Holy Men and Hunger Artists: Fasting and Asceticism in Rabbinic Culture

Hardcover | November 5, 2003

byEliezer Diamond

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The existence of ascetic elements within rabbinic Judaism has generally been either overlooked or actually denied. This is in part because asceticism is commonly identified with celibacy, whereas the rabbis emphasized sexuality as a positive good. In addition, argues Eliezer Diamond, it servesthe theological agendas of both Jewish and Christian scholars to characterize Judaism as non- or anti-ascetic. In fact, however, Diamond shows that rabbinic asceticism does indeed exist. This asceticism is mainly secondary, rather than primary, in that the rabbis place no value on self-denial in and of itself, but rather require of themselves the virtual abandonment of familial, social, and economic life infavor of an absolute commitment to the study of the Torah. It is an asceticism of neglect, rather than negation. He also notes that this asceticism of neglect dovetails with the rabbinic theology of sin and punishment, which encourages delaying gratification in this world in the hopes of a greaterreward in the next. The rabbis believed, moreover, that every pleasure taken in this world detracts from what awaits one in the future. The rabbis valued and occasionally engaged in primary asceticism as well. In fact, as Diamond shows, the vocabulary of holiness was often used by the rabbis in connection with voluntary self-denial. One form of primary asceticism--fasting--became increasingly popular in the wake of the destructionof the second temple. He traces this development to the need to mourn the temple's devastation but also to the cessation of three forms of temple-related rituals: the sacrificial cult, the Ma'amadot (groups that would fast, pray, and read from the Torah while daily sacrifices were offered), andnaziritism. Fasting is linked by the rabbis to each of these practices and Diamond shows that fasting was seen as a substitute for them after the temple was destroyed. In a final chapter, Diamond shows that there is a greater tendency toward asceticism among the Palestinian rabbis than among theBabylonian. He contends that the divergent political histories of these communities as well as differing external cultural influences account for this disparity.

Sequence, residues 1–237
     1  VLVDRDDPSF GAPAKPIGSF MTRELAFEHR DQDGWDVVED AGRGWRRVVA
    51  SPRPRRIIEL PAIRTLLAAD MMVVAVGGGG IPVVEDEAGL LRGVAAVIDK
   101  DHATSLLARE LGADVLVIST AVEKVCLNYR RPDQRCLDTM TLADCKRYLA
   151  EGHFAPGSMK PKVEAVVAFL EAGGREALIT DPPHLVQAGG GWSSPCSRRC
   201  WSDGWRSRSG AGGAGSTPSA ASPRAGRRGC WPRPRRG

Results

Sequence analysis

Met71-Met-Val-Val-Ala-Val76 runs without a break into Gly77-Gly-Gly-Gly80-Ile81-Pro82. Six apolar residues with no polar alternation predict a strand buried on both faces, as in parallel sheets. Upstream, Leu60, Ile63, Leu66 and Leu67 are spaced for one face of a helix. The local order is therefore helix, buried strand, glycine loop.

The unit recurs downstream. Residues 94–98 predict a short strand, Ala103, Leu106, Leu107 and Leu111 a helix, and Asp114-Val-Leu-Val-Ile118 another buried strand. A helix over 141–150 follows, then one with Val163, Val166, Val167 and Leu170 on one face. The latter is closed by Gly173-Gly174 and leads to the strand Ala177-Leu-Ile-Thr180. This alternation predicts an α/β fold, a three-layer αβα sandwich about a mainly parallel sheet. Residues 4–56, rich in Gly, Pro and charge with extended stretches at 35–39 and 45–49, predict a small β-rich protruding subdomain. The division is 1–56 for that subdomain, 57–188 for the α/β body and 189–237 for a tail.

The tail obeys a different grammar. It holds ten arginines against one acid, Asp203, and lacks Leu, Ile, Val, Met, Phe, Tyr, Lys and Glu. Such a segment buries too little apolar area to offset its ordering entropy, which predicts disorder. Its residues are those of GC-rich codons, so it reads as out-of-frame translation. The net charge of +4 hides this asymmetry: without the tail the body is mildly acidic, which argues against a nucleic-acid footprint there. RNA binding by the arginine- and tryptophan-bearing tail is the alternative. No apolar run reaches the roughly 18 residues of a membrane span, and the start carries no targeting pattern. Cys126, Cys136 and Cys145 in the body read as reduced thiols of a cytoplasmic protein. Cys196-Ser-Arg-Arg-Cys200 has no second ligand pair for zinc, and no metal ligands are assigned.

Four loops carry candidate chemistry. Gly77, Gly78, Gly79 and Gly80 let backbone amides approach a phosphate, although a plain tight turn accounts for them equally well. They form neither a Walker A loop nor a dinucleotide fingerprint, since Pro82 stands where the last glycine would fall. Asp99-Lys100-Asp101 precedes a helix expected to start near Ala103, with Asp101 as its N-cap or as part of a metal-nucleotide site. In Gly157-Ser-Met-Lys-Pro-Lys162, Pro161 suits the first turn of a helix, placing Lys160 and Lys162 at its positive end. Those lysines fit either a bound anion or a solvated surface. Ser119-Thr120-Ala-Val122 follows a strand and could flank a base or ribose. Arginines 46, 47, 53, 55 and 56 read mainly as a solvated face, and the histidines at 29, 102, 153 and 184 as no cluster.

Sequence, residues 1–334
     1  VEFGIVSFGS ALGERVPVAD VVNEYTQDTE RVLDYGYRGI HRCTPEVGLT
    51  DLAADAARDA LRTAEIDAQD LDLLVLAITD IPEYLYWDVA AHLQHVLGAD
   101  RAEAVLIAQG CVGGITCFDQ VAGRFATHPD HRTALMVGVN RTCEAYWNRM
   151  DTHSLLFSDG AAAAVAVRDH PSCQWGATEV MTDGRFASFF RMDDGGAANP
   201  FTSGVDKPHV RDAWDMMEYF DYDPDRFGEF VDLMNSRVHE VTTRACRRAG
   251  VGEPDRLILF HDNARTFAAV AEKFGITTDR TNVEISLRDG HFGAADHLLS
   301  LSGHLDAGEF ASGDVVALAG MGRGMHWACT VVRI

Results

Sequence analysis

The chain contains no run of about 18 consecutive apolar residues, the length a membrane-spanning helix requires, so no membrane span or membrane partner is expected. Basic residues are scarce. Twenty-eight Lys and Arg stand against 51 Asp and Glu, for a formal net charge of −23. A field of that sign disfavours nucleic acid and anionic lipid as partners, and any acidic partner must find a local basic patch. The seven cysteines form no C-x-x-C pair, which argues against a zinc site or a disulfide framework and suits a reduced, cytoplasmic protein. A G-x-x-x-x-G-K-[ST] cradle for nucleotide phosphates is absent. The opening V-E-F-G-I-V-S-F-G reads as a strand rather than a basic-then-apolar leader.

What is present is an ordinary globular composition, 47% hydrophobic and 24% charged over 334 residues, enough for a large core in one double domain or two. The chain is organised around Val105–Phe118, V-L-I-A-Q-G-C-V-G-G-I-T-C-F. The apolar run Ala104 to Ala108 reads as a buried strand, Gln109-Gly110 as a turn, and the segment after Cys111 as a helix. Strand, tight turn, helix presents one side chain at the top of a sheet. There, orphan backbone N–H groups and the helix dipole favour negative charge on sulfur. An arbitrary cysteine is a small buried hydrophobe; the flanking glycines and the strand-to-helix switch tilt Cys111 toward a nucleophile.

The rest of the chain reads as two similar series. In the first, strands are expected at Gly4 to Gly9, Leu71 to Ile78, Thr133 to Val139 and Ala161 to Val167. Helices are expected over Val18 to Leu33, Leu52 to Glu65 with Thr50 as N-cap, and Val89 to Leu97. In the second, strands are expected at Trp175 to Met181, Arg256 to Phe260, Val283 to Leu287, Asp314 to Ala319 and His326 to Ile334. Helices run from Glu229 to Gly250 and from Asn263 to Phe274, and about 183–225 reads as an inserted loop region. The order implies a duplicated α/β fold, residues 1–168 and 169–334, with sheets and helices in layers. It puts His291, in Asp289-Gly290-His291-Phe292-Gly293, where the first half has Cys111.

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The existence of ascetic elements within rabbinic Judaism has generally been either overlooked or actually denied. This is in part because asceticism is commonly identified with celibacy, whereas the rabbis emphasized sexuality as a positive good. In addition, argues Eliezer Diamond, it servesthe theological agendas of both Jewish and ...

Eliezer Diamond is at Jewish Theological Seminary of America.

other books by Eliezer Diamond

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Kobo ebook|Aug 1 2011

$28.29 online$36.68list price(save 22%)
Format:HardcoverDimensions:240 pages, 6.3 × 9.29 × 1.1 inPublished:November 5, 2003Publisher:Oxford University PressLanguage:English

The following ISBNs are associated with this title:

ISBN - 10:0195137507

ISBN - 13:9780195137507

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"With the scope and depth of its research, masterly panoramic presentations, invaluable insights, splendid notes, and judiciously selected bibliography, his book sets a standard that transcends the label of an excellent introduction. It is a comprehensive education in a specific dmiension ofrabbinic Judaismm and more than that, in rabbinic Judaism as a totality."--American Historical Review